Earlier today, I talked about the fact that the Pittsburgh Steelers finally expanded its coaching staff to include two personnel members whose focus it is to work with the defensive backs. Like with the offensive line, in today’s game, it’s routine for teams to have five or even six of them on the field at a time, so it’s asking a lot to expect just one person to be able to do the job.
At least on a temporary basis, they also recently did the same for the wide receiver position, as they hired former Steelers cornerback William Gay to work with the wide receivers as a coaching intern. He is already working with Darryl Drake (and former tight end David Johnson is also working with the team’s tight ends as they rebuild that group with Jesse James gone).
There is of course an intimate relationship between wide receivers and cornerbacks, so it’s not a shock to see a player at one position become a coach at the other. The Steelers even have a couple of cornerbacks on the roster who started as wide receivers. They have also recently been using more four- and five-receiver sets, so the timing is right to get that extra pair of eyes.
And having that opposite perspective can be really beneficial, for an obvious reason that second-year wide receiver James Washington explained to the team’s website when asked about working with Gay on his craft.
“He played on the other side of the ball. When a defensive back does something I will ask him why did he do that, what did he read from me and it helps me get rid of those indicators that lets a defensive back know I am breaking”, he said.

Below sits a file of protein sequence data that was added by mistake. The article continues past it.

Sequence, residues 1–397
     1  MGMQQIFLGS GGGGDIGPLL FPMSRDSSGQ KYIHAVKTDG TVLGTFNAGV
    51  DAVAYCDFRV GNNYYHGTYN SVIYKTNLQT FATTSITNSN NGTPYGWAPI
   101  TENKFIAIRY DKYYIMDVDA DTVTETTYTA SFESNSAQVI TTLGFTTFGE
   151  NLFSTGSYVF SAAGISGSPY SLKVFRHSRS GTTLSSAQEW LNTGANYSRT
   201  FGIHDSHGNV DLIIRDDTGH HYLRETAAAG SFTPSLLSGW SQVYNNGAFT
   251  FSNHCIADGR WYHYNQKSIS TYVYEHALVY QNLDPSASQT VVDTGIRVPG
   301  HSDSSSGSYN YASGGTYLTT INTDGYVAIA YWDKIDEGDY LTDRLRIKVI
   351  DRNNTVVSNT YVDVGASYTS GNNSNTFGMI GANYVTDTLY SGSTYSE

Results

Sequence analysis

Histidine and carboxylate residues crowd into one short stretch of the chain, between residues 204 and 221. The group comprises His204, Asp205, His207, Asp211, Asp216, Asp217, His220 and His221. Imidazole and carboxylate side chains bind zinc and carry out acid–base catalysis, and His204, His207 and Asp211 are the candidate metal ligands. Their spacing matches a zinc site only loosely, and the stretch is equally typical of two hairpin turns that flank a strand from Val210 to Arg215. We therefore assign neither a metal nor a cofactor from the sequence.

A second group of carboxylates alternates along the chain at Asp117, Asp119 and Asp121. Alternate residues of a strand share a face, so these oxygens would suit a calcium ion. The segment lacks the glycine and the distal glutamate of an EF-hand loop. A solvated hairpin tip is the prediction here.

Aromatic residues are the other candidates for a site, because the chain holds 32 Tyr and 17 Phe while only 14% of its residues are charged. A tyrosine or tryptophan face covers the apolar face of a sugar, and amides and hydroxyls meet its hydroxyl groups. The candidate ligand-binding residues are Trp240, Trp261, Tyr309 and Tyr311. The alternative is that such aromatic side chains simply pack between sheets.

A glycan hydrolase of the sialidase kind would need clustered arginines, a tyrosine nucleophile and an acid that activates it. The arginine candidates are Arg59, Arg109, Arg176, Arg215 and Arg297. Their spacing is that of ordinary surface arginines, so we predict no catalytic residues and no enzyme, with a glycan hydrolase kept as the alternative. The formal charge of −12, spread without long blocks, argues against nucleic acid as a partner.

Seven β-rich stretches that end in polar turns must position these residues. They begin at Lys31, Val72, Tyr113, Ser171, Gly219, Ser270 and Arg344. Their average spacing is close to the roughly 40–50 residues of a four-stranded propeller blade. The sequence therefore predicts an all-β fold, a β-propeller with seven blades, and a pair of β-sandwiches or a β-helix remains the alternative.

Yeah. If your defensive back teammate does something that catches you by surprise and beats you, you want to ask him why he did that, how he knew to do that, and even how to beat it. In that environment, it’s all in the name of making the team better as a whole.
As should be no surprise, Washington also had praise for Gay the coach in the film room, saying that he has been helping the wide receivers by “giving us ideas on how to study better, how to learn from film better”.
One would think that a former cornerback would be able to help a wide receiver study film on cornerbacks and how to read them to beat them. That is one of the many things that Gay is doing with Washington and the rest of the mostly young group.
Outside of Eli Rogers, nobody at the position on the team has been with the Steelers for more than two years. JuJu Smith-Schuster was drafted in 2017, Washington last year, Dionte Johnson this year. Ryan Switzer was traded for in August, while Donte Moncrief was signed in free agency this year, and their practice squad guys were futures signings at the end of the 2018 season.